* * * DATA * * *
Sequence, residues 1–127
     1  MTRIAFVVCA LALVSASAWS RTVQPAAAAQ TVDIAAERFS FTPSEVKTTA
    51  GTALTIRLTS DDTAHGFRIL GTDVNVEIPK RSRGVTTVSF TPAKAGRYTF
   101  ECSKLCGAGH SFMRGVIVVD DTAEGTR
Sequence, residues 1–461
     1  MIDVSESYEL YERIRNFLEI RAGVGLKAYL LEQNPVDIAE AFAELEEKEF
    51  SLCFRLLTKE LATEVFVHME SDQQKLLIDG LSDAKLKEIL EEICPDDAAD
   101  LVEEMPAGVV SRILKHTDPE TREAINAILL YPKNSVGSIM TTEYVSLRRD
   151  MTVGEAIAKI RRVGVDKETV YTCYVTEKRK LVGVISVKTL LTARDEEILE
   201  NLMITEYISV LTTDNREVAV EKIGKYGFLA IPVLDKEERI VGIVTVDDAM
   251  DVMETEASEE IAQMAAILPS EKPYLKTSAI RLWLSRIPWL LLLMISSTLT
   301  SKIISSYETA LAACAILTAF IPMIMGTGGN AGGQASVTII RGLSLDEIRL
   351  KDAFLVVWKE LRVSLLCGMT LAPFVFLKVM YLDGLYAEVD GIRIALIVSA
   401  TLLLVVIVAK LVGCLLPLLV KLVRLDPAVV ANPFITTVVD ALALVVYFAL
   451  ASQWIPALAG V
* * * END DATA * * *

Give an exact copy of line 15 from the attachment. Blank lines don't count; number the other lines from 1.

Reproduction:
   451  ASQWIPALAG V